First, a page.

PAC 12

ASU, Arizona not among Pac-12 schools being evaluated for Big Ten expansion, report says

Jeremy Cluff
Arizona Republic
View Comments
The Pac-12 Conference could soon look very different as college conference realignment and expansion talks continue.

The Big Ten Conference may not be done taking schools from the Pac-12.

CBS Sports' Dennis Dodd reported that the Big Ten is "evaluating the worthiness" of adding California, Oregon, Stanford and Washington to expand its conference.

The Big Ten is already in the process of adding Pac-12 schools USC and UCLA, meaning that six Pac-12 schools could potentially land in the Big Ten, leaving the Pac-12 with just Arizona State, Arizona, Utah, Colorado, Oregon State and Washington State remaining in that scenario.

More:Pac-12 has been 'fractured' by Big Ten, Big 12 conference realignment, expansion chatter

More:Pac-12 conference realignment: ASU's Michael Crow, Arizona's Robert C. Robbins could be key

Big Ten Commissioner Kevin Warren raised some eyebrows Tuesday when he said that more conference expansion could be coming.

"The Big Ten conference was born out of a desire to be bold," Warren said. "There are two types of people in the world, they look at change as a problem or see it as an opportunity.

"I'm embracing change, I'm going to be very aggressive, I've been that way my entire career and I just want to make sure we build an environment because our student-athletes, fans and universities deserve that."

He continued: "I get asked every day, 'What's next?'," Warren said. "It may include future expansion, but it will be done for the right reasons, at the right time, with our students' academic and athletic empowerment at the center.

"We will not expand just to expand. It will be strategic, it will add additional value to our conference and it will provide a platform to have our student-athletes to be put on a larger platform so they can build their careers."

More:Pac-12 football TV ratings: Ranking teams by viewership amid conference realignment rumors

Dodd reported that the inclusion of those four other Pac-12 schools in the Big Ten could also collapse the Pac-12.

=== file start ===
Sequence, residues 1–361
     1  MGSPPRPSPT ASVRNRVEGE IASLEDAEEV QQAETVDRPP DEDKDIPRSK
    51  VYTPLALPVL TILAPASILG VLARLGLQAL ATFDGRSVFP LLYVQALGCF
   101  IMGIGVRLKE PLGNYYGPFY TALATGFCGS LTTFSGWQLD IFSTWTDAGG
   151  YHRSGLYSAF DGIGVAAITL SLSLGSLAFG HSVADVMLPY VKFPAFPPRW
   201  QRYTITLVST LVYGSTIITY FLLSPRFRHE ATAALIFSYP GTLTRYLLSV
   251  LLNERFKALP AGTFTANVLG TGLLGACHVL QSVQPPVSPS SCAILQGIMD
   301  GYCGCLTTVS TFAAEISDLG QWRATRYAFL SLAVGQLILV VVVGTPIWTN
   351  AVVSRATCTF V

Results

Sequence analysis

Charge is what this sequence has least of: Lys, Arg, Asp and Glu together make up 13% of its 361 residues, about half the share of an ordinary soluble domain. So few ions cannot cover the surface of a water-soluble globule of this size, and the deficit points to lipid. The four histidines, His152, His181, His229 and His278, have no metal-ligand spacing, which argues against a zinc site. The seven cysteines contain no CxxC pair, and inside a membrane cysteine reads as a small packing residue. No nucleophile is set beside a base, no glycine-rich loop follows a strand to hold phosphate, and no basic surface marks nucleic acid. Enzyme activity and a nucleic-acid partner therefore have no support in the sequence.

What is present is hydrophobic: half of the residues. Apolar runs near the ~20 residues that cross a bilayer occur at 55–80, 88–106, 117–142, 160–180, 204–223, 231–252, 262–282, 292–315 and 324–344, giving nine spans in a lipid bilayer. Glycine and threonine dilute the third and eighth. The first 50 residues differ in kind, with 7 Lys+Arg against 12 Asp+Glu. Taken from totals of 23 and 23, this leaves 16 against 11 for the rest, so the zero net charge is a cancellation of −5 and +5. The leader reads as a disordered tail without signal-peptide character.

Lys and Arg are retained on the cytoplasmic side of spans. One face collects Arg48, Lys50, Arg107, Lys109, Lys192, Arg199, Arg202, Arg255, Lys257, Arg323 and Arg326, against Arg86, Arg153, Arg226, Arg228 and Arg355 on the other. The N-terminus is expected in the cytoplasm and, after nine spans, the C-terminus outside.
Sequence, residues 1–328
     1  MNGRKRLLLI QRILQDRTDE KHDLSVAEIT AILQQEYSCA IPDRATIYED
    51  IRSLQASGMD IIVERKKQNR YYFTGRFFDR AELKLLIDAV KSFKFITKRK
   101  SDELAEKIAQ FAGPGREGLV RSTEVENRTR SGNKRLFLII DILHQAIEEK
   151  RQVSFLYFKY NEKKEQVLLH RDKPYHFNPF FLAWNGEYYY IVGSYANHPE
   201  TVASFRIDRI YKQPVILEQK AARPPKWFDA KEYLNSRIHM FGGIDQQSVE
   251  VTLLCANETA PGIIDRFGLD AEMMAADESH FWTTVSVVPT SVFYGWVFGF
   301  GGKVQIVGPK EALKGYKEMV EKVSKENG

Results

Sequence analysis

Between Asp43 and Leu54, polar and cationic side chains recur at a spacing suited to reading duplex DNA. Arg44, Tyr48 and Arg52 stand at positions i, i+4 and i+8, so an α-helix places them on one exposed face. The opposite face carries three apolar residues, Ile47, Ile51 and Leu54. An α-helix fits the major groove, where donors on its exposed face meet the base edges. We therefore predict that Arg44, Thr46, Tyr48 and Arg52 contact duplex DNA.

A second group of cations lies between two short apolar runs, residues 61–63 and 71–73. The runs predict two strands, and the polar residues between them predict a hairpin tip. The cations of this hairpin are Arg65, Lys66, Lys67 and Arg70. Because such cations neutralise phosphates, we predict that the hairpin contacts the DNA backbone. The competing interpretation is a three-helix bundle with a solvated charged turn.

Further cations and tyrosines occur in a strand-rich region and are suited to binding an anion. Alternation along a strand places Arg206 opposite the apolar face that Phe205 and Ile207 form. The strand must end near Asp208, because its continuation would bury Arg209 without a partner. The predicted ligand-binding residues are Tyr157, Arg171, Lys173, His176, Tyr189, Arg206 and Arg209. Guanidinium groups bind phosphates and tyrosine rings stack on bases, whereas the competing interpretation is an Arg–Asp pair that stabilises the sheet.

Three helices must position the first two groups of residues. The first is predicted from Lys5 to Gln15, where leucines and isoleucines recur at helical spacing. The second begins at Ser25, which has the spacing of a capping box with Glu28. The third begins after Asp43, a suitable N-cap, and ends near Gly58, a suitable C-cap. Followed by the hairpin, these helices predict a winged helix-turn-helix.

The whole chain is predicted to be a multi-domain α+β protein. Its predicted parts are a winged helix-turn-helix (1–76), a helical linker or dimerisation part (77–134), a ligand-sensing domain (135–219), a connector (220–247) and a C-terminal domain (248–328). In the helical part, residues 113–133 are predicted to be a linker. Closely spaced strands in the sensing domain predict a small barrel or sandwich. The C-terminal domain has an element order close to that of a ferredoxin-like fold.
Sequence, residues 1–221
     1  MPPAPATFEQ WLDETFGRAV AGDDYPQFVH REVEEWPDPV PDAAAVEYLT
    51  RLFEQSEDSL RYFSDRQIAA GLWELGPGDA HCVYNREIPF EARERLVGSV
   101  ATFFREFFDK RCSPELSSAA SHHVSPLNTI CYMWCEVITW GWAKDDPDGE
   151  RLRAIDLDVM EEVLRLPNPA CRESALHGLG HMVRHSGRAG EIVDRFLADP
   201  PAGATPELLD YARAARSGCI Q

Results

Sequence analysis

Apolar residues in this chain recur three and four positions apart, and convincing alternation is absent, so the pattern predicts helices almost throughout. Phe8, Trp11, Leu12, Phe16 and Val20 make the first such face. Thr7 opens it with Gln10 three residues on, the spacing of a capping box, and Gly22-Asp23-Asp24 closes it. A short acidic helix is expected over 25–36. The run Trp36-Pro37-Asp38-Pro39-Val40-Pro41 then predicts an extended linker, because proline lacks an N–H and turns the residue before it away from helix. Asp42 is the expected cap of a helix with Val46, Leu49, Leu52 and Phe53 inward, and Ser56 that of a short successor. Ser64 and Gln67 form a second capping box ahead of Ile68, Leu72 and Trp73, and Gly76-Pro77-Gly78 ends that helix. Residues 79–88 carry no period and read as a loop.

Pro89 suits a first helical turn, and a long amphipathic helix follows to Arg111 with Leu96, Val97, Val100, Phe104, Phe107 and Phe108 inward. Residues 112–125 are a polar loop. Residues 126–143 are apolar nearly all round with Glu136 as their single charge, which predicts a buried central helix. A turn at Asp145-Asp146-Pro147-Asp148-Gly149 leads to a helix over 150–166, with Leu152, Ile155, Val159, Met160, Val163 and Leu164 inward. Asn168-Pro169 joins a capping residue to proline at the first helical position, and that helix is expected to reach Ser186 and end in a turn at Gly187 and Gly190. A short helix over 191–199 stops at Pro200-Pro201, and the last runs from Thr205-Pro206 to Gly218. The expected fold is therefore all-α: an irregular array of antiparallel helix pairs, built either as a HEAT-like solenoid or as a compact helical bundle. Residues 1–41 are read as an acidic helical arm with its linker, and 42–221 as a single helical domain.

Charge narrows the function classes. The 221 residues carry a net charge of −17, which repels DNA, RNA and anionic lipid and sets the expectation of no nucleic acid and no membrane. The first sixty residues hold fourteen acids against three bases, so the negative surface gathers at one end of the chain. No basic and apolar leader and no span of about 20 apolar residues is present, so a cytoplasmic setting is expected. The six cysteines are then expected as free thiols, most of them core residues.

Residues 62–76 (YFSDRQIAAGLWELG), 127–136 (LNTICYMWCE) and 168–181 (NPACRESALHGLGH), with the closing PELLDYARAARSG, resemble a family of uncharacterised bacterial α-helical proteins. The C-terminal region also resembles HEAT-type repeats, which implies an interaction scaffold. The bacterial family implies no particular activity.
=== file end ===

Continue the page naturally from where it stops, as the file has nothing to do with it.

He wrote: "Such a move would strip the Pac-12 of half its members. Sources indicate the Pac-12 would most likely have to reform to stay afloat with invitations to the likes of San Diego State and Fresno State. One label put on that grouping was 'Mountain West Plus.'"

What would happen to ASU and Arizona?

Dodd's report perhaps offered a glimpse, with him saying in this scenario, the Big 12 could make sense for some of the remaining Pac-12 schools.

"The Pac-12 could be in danger on two fronts," he wrote. "The Big 12 is also zeroing on westward expansion with Arizona, at least, according to sources. There is no indication if Arizona State would follow, though CBS Sports previously reported that ASU, Colorado and Utah were the Big 12's targets. San Diego State is in play for both the Pac-12 and Big 12, sources indicate."

More:Are Pac-12 schools ASU, Arizona a package deal in college conference realignment?

The Big Ten is also attempting to add Notre Dame, Florida State and Miami, according to reports.

ASU athletic director Ray Anderson recently told The Arizona Republic that the rest of the Pac-12 was "completely shocked" by USC and UCLA's impending departure for the Big Ten.

He said that the remaining 10 teams in the conference were "united."

"Everything out there has been overblown and exaggerated and lacking any credibility," he said. "We're on solid footing, got a solid plan moving forward. The schools remaining are united and we're going to be strong moving forward. We don't have to do anything just out of panic or desperation."

How long will the rest of the Pac-12 remain united as speculation, rumors and reports about the future of the conference continue to swirl?

More:Pac-12 Conference, leadership slammed amid USC, UCLA Big Ten negotiations news

Reach Jeremy Cluff at jeremy.cluff@arizonarepublic.com. Follow him on Twitter @Jeremy_Cluff.

Support local journalism: Subscribe to azcentral.com today.

View Comments